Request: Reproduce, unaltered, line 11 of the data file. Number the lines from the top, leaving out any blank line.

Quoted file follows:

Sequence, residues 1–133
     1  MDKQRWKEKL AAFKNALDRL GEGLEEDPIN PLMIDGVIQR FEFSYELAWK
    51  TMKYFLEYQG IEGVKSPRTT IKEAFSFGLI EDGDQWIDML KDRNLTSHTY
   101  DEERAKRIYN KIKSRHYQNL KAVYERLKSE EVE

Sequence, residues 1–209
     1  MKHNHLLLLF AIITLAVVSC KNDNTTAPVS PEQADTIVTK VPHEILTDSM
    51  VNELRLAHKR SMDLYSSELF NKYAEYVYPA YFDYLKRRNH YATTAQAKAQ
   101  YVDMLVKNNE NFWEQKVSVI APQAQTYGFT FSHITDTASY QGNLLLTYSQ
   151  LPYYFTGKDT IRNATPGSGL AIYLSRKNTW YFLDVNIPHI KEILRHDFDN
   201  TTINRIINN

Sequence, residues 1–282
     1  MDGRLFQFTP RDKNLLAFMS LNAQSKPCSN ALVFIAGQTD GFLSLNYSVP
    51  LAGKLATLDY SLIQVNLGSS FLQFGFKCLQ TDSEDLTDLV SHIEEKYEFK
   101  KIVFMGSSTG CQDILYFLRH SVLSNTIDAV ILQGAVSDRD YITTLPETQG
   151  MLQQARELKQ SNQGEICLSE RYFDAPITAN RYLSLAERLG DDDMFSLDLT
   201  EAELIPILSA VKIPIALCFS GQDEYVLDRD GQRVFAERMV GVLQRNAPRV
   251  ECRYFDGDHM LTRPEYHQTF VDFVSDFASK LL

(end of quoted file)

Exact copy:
Sequence, residues 1–282